BATON ROUGE, La. (AP) — A debt collection office created by Louisiana lawmakers to go after delinquent accounts has drawn $92 million in payments since it began its work three years ago, the state's revenue secretary said Thursday.

That's about a 17 percent rate of collection of the nearly $528 million in back-owed debts that have been sent to the Office of Debt Recovery for collection since the 2014-15 budget year, according to data from Revenue Secretary Kimberly Robinson, who oversees the collection office.

"Our collections have grown significantly over the three years since we've been active," Robinson told the Cash Management Review Board, a state panel that has been tracking the work.

It's not clear if the Office of Debt Recovery is doing a better job collecting on unpaid bills than individual agencies had been doing before it was created. Robinson said she hoped to have better analysis within the year.

The office can revoke or suspend licenses, seize bank accounts and take tax refunds.

Rep. Chris Broadwater, sponsor of the legislation creating the recovery office, urged the revenue department to notify lawmakers if it runs into any problems. He said lawmakers didn't want to create a new level of bureaucracy that doesn't change the status quo.

"I do want to make sure that what we're doing works," Broadwater said.

Lawmakers struggling to fill budget gaps passed legislation setting up the office in 2013, saying Louisiana should have a more coordinated effort to collect money it is owed. It took several years during former Gov. Bobby Jindal's administration to pull together the comprehensive system to target the delinquent accounts.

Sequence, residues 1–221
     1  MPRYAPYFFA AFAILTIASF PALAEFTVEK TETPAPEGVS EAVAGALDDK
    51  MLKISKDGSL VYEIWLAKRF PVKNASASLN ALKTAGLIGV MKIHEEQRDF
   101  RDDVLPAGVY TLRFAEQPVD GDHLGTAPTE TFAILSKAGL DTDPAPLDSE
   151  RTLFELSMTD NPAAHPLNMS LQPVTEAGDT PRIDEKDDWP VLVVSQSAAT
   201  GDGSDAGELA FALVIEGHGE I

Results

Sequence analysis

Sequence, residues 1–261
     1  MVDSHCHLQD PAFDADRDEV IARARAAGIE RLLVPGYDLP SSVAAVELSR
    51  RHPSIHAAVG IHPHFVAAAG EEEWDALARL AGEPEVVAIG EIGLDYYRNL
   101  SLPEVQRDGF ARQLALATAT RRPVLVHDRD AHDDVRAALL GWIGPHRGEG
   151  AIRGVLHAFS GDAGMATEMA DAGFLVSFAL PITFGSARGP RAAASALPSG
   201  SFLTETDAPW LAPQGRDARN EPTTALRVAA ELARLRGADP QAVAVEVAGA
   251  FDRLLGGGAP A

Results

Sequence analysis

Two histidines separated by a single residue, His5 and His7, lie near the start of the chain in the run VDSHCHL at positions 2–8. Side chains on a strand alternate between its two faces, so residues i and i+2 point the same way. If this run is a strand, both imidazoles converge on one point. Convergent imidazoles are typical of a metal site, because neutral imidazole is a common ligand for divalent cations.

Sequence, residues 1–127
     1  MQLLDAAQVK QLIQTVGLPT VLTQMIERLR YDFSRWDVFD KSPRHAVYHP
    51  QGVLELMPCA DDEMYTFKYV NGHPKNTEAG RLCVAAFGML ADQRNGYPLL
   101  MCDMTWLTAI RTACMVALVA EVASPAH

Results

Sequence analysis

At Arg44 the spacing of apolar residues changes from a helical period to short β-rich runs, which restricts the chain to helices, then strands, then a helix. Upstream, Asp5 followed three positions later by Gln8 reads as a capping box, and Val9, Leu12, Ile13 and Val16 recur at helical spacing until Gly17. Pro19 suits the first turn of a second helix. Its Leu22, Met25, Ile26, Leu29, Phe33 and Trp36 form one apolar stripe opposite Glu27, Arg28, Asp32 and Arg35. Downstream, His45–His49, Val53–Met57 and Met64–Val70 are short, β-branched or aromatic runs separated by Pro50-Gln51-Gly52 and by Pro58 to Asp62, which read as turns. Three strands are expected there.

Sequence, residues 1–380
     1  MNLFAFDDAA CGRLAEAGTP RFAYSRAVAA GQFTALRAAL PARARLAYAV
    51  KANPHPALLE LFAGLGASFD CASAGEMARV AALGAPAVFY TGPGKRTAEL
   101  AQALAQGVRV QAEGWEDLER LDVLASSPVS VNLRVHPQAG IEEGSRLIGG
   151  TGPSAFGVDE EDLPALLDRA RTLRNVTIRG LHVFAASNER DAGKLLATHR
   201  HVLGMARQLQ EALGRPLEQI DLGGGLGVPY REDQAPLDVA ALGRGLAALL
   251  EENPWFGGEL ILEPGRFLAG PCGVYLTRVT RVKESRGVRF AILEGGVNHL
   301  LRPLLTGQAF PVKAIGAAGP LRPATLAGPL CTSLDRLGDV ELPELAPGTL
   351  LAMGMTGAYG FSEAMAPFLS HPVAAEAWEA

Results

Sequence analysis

The largest collections, about $65 million, have been through seized bank accounts, Robinson said. Tax offsets have paid off another $28 million in back-owed debts, she said.

Robinson said blocking renewals or purchases of hunting and fishing licenses also tends to provoke a response from debtors.

State agencies are supposed to refer all their delinquent accounts to the attorney general's office or the debt recovery office for collection. The Office of Debt Recovery handles debts considered final with no further right of appeal.

Robinson said 98 agencies are turning over accounts to the office.

The largest unpaid debts owed to the state tend to be in the health, public safety and corrections departments, according to data previously provided to the Cash Management Review Board. Broadwater said tackling the unpaid debt quickly is critical.

"The longer it sits out there, the harder it is to collect," he said.

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